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About Ioannis Makrygiannakis

John is an undergraduate student at the Department of Informatics of Athens University of Economics and Business. He is specialized in Databases, Knowledge Management, Information Systems and Information Security. In his free time he loves learning new things with regard to programming and network security.

Java Reference Types

In this article, we talk about the Java Reference Types. First of all, we interpret what is a reference and why we use it. Furthermore we analyze the reference types. Last but not least, we explain the difference between Pass by value and pass by reference.

1. Introduction

A reference is a value that is used to refer to another value. To do that you need an address that you can point to another address. In C++ this is called a pointer and it points to a memory address but in Java, the reference is more abstract. Reference types include: Interfaces, classes, arrays, annotations, and enums. The reference has four types: Strong, weak, soft, and phantom.

2. Technologies used

The example code in this article was built and run using:

  • Java 1.8.231(1.8.x will do fine)
  • Eclipse IDE for Enterprise Java Developers- Photon

3. Java Reference Types

3.1. Strong Type

The strong type is the most common type that we used in Java. We can say that we use a strong type when we point directly a variable to an object. So the developer can interact with the object through this variable. For example:

public class StrongR {
	public static class Example {
		 public void example(){
			 System.out.println("Hello world");
		 }
		}

public static void main(String args[]) {
    Example strongEx= new Example();
	strongEx=null;
}
}

There isn’t something to print.

When the object “strongEx” will be null then the object will be available for the garbage collector.

Java Reference - Strong reference
Strong reference

3.2. Weak Type

In different with the other types that they preserved in memory if an object has only weak reference attached to it when the garbage collector is running the weak type will reclaim the object even if the virtual machine has no more space. For example:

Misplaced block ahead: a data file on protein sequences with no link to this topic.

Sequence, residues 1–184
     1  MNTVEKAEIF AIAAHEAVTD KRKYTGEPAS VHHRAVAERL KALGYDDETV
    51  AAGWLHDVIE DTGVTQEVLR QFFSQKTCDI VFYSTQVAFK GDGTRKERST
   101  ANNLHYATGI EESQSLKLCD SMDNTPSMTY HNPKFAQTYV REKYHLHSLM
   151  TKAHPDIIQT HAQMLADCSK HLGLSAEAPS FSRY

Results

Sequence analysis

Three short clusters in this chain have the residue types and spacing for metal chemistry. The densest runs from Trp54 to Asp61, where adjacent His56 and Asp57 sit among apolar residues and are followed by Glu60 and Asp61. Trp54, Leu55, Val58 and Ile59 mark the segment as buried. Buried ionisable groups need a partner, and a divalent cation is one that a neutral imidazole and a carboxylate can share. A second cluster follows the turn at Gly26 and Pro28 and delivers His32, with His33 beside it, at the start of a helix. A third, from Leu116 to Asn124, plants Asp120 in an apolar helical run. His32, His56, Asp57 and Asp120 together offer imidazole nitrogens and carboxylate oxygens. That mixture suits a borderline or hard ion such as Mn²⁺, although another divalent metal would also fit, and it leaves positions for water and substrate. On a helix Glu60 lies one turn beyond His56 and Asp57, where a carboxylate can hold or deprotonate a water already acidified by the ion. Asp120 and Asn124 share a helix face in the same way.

import java.lang.ref.WeakReference;

public class WeakR {
	public static class Example {
		 public void example(){
			 System.out.println("Hello world");
		 }
		}
	public static void main(String args[]) {
		
		Example weakEx= new Example();
		weakEx.example();
		WeakReference<Example> wr = new WeakReference<Example>(weakEx);
		weakEx=null;
		weakEx=wr.get();
	}
}

The output is:

Hello world 

As we can see with “get()” we can retrieve the object because of the weak reference.

Weak reference

3.3. Soft Type

This type is used as a last chance for an application to stay alive. The Soft type has the ability to change the default behavior of the garbage collector and allows it to maintain the objects without strong references until JVM uses all the memory. For example:

import java.lang.ref.SoftReference;


public class SoftR {
	public static class Example {
		 public void example(){
			 System.out.println("Hello world");
		 }
		}
	public static void main(String args[]) {
		Example SoftEx=new Example();
		SoftEx.example();
		SoftReference<Example> sr = new  SoftReference<Example>(SoftEx);
		SoftEx=null;
		SoftEx=sr.get();
	}
}
 

The output is:

Hello world 

As we can see with “get()” we can retrieve the object because of the soft reference.

Soft reference

3.4. Phantom Type

This type is used for two reasons. First, to determine the time that an object was removed from the memory and the second is to avoid the use of ‘finalize’ method that helps garbage collector to release memory. For example:

 import java.lang.ref.PhantomReference;
import java.lang.ref.ReferenceQueue;

public class PhantomR {
	public static class Example {
		 public void example(){
			 System.out.println("Hello world");
		 }
		}
	public static void main(String args[]) {
		Example PhanEx=new Example();
		PhanEx.example();
		ReferenceQueue r = new ReferenceQueue(); 
		PhantomReference pr = new  PhantomReference(PhanEx, r);
		PhanEx=null;
		PhanEx=pr.get();
		
		PhanEx.example();
	}
}

The output is:

Hello world
Exception in thread "main" java.lang.NullPointerException
	at PhantomR.main(PhantomR.java:19)

In this example we can see that ReferenceQueue is used to keep the removing object before removing from memory. When we remove the object every print that has to do with this gives us runtime error.

4. Pass by value versus Pass by reference

When we want to pass by value basically it means that when we call a method the parameter values are copied to another variable and after that the copied object(variables) is passed.

When we want to pass by reference it means that when we call a method, the parameter is a reference to another variable and this parameter is passed.

5. Download the Complete Source Code

Here is the code from the examples we used.

Download
You can download the full source code of this example here: Java Reference Types

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